Now, this is not exactly scientific data: Both sites feature some content from outside of mainstream Hollywood, including clips from legendary porn films like Deep Throat. Regardless, McBride says that he’s seen a recent rise in on-screen dick in the mainstream, but that “penis sightings are still less common than vulva.” Only, though, if you equally count all those shadowy “bush” sightings.

All of which is to say: It’s hard to compare apples and oranges, or vulvas and penises, or vulvas and vulvas. Dicks can be fairly out there: protuberant, dangling. So can vulvas, to a differing degree. Taking a spin through Mr. Skin’s and Mr. Man’s compilation videos of A-list stars’ full-frontal scenes, there are anatomical disparities that account for much more visible peen. But there are also many more moments where directors seem intent on concealing vulvas with shadows and positioning, while nonchalantly displaying the well-lit dick. Take, for example, a close-up on a naked but heavily shadowed Scarlett Johansson’s nethers in Under the Skin compared to a sunlit Daniel Craig in Love is the Devil with his legs splayed open in a bathtub.

Even the Mr. Skin playlist charmingly titled “Celebrity Labia Exposed” is full of shadows, or else glimpses of labia majora peaking out of underwear or shorts. That’s to say nothing of merkins, which are pubic hair wigs commonly used by women actors in Hollywood specifically to hide any protuberant bits. Pubic modesty curtains, if you will. Not too surprisingly, in many of the full-frontals highlighted by Mr. Man, the A-list actors seem groomed with the intent of better exposing the dick.

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Penises are so often instead talked about as the equivalent on-screen counterpoint to breasts, which feels like a weird slight to vulvas. We act as though they are invisible, and maybe we want them to be, and maybe Hollywood makes them so.

Breasts, though? Mr. Skin has catalogued some 39,431 scenes. That’s nearly twelve times as many scenes as are tagged with “penis.” That’s not too surprising: A 2014 study found that women were three times more likely than men to appear nude in that year’s most popular Hollywood films. Women’s nudity is treated as the default, and men’s nudity the notable exception. In fact, in 2010 the MPAA introduced a “male nudity” warning without introducing the equivalent specification for women.

That could be why the Euphoria penises—in all their flaccid, desexualized, locker room glory—feel like a win, even if we haven’t really seen much on-screen vulva. We are just used to seeing so much more of women’s naked bodies on screen and, especially, in sexualized scenarios. As McBride put it, “Chances are that when a woman does a nude scene, it’s going to be in a ‘sexy’ context.” He added, “A lot of male frontal nudity we add to MrMan.com is played for laughs, like Jason Biggs in American Reunion, Adam Devine in Game Over Man, or Jason Segel in Forgetting Sarah Marshall.” (In the latter case, Segel’s character is getting broken up with as he stands naked and reeling, and to absurd effect.)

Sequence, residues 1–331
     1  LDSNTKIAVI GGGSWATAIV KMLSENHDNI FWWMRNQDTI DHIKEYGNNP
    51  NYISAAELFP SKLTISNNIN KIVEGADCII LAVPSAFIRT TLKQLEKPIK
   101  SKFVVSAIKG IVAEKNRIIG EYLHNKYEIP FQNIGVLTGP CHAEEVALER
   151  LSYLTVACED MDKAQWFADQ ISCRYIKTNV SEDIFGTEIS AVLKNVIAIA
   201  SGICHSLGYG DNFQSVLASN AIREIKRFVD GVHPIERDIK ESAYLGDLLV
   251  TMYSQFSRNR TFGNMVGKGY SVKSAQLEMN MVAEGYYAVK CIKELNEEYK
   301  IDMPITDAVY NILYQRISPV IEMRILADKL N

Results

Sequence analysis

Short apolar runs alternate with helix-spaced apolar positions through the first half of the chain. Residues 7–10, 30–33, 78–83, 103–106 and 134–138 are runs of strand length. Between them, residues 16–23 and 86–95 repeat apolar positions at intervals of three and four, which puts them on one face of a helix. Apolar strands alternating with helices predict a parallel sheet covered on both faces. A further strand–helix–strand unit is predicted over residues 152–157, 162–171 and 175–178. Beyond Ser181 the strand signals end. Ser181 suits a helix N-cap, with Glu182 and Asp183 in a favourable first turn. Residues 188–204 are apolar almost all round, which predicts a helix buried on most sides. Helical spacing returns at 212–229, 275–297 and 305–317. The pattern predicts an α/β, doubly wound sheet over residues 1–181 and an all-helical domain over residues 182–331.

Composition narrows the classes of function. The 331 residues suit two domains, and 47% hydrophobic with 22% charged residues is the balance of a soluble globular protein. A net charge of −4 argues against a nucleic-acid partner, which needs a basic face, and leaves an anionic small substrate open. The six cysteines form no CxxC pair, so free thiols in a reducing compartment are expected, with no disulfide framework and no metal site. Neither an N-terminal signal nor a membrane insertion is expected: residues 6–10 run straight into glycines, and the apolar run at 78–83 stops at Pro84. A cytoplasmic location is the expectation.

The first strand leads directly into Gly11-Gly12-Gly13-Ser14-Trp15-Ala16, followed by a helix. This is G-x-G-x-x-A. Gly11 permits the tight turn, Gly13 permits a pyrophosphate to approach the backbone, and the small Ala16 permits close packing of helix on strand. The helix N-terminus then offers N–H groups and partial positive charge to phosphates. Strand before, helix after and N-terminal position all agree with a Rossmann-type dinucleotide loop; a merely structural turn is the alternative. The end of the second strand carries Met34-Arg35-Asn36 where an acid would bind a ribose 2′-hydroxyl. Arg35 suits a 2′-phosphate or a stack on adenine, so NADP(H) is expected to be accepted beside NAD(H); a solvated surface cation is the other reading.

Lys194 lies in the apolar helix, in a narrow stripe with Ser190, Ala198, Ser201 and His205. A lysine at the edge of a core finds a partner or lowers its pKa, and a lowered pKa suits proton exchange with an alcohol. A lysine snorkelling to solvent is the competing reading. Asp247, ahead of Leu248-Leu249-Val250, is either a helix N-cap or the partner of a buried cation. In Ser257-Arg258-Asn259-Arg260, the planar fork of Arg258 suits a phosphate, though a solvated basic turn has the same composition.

Ultimately, the dick, vulva, bush, and breasts tallies don’t tell you anything about how, and in what contexts, these body parts are being depicted. On-screen representation isn’t as simple as an anatomical tit-for-tat (even if everyone could agree on which parts are equivalent).

Despite the relative rarity of penis cameos, they “tend to get a lot more press when they happen,” according to McBride. Chris Pine’s full frontal nude scene in Outlaw King is one such example (and here I must raise my hand guiltily). It got a ton of attention, but turned out to be a distant shot and hard to see,” he said. On the other hand, Rosamund Pike and Lady Gaga “went full frontal,” as McBride put it, in films last year “to not much hype.” Which might make you wonder if it’s less that Hollywood is bravely righting the nudity scales than that we’ve stopped even recognizing women’s nudity as remarkable. That is, as long as it’s in acceptably sexualized or titillating contexts, as opposed to, say, while breast feeding.